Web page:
"Most hotels tuck the blankets so tightly around the mattress that you really have to struggle to get into bed," he explains. "The Hyatt makes the beds just like at home. I like that."

Chan's favourite Asian hotels include the Four Seasons in Singapore, because it is businesslike, the Hyatt in Bangkok for its health facilities and the Bangkok Regent because of its general high quality. In Taipei, the Sherwood gets his vote.

Although a Hong Konger, Chan made frequent business visits to the city while living abroad, staying at The Conrad on Hong Kong Island. "I like its modern decor, the light colours and the large bathrooms," he says. And the good health facilities.

The company also usually determines the hotel for Warner Manning, senior manager, planning and research, with the Hongkong and Shanghai Banking Corporation. "I could decide myself, but my travel services department usually books my hotels," he says. "They tend to put me in the right sort of places."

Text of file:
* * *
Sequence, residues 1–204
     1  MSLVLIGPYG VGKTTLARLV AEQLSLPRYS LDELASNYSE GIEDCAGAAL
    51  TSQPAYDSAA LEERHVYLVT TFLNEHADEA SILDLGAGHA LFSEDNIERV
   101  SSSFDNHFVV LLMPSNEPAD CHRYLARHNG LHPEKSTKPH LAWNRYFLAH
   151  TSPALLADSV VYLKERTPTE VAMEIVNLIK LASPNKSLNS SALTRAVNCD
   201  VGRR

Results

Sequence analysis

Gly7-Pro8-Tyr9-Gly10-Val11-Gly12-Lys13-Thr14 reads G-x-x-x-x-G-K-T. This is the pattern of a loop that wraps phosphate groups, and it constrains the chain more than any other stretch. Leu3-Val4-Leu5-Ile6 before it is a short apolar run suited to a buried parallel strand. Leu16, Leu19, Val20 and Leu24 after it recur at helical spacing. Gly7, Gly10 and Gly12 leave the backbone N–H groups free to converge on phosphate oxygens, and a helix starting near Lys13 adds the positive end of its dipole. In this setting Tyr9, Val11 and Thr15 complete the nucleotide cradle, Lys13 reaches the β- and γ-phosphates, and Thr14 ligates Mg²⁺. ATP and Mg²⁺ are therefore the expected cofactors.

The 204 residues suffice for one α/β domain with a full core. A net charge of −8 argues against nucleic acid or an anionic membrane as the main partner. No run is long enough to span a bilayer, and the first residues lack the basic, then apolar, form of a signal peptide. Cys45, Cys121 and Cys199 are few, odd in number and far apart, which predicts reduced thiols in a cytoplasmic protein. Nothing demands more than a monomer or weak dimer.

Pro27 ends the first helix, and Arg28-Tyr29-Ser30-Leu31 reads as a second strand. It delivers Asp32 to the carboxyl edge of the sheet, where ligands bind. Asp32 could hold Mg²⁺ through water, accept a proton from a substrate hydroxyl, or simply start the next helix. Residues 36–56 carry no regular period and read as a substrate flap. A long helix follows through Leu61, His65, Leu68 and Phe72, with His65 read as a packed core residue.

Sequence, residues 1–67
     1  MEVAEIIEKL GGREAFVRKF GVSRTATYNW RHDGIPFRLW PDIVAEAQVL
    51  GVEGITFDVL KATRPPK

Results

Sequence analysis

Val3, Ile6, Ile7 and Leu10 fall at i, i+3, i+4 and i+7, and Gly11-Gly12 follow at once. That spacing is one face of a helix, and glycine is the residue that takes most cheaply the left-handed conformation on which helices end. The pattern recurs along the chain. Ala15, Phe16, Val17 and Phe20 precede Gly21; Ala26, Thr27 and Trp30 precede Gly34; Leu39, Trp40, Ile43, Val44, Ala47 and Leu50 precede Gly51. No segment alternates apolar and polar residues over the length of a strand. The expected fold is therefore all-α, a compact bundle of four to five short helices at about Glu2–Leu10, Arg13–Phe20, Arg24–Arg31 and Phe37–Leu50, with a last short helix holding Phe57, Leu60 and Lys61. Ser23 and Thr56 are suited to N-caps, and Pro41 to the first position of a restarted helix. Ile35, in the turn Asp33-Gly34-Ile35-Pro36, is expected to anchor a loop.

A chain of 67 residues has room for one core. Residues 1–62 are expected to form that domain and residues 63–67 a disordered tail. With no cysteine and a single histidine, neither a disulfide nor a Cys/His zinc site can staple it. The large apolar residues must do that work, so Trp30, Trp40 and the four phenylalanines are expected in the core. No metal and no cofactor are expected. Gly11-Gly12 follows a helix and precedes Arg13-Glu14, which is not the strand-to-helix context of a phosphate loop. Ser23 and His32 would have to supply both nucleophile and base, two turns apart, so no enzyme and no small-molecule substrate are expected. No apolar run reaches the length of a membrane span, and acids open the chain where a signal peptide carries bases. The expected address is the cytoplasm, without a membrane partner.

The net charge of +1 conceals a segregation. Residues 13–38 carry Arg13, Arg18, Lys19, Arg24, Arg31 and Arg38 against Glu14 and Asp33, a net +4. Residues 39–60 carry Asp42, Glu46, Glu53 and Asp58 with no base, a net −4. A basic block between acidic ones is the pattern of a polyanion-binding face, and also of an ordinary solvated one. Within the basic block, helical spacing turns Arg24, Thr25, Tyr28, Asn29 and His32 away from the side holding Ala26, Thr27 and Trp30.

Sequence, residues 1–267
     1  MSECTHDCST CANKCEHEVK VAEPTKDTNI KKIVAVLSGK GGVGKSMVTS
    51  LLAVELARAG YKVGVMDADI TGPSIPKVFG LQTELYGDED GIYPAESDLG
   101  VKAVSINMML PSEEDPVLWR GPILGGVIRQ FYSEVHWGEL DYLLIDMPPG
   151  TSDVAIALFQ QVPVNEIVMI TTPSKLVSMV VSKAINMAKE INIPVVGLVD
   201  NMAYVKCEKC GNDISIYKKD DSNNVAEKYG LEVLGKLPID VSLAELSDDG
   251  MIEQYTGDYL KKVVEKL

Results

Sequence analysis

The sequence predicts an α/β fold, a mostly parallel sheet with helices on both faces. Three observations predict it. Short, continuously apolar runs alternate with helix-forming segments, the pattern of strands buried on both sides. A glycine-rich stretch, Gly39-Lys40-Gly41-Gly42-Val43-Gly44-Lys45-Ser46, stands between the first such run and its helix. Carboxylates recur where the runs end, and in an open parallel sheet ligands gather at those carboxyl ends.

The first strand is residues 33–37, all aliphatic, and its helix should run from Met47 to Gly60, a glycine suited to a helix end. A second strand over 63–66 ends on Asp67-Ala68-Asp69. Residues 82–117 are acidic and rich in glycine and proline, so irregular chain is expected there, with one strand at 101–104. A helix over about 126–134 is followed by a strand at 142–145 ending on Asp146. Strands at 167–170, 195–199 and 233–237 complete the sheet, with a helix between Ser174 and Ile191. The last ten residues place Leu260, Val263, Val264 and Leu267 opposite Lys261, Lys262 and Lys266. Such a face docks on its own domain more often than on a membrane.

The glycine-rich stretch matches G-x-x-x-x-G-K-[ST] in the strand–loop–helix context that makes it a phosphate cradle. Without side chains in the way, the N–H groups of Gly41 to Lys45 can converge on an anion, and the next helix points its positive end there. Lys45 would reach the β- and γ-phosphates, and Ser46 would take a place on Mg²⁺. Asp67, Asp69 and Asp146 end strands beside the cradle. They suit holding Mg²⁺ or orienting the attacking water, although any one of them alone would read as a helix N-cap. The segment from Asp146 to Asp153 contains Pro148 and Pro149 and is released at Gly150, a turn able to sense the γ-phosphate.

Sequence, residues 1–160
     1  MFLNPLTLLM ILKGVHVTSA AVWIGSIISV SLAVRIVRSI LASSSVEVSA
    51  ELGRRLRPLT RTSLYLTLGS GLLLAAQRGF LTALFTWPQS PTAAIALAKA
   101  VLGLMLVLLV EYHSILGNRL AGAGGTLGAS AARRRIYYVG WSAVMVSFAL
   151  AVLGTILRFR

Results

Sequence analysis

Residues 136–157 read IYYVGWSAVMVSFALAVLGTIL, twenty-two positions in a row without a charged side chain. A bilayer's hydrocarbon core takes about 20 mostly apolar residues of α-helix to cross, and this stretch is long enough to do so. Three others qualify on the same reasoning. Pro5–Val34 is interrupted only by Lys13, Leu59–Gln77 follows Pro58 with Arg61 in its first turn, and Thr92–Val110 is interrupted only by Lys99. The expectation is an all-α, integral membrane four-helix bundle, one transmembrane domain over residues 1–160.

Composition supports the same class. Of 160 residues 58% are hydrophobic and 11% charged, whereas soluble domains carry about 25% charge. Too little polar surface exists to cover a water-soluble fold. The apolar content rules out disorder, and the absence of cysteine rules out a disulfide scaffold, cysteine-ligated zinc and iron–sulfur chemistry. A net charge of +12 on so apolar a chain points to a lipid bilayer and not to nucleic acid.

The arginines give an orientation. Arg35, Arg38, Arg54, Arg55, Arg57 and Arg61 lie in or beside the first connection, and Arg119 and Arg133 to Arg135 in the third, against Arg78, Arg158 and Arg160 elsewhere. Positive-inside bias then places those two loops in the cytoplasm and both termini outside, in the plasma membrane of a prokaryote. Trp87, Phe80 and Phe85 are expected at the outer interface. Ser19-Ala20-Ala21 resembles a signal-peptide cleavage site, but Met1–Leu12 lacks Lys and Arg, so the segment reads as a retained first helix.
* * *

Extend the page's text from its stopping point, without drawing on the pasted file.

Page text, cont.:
Manning's choice lodgings are Mandarin Orientals, especially the Jakarta Mandarin, Regents and Hyatts, "because these chains are oriented to business travellers".

For years, hotels have been promoting their business centres as an extra attraction for roving executives. These offer secretarial services, photocopy machines, printers and faxes, as well as computers, typewriters and cellular telephones for rent. Some provide translation and interpretation services, monitors with the latest financial services and stock market reports, even reference libraries.

Business centres get mixed reviews in Asia, and have lost their allure for many travellers. Executives complain that they are expensive, inefficient and unnecessary. In-room faxes and that ubiquitous tool of the modern roving businessman, the laptop computer, have rendered business centres less useful.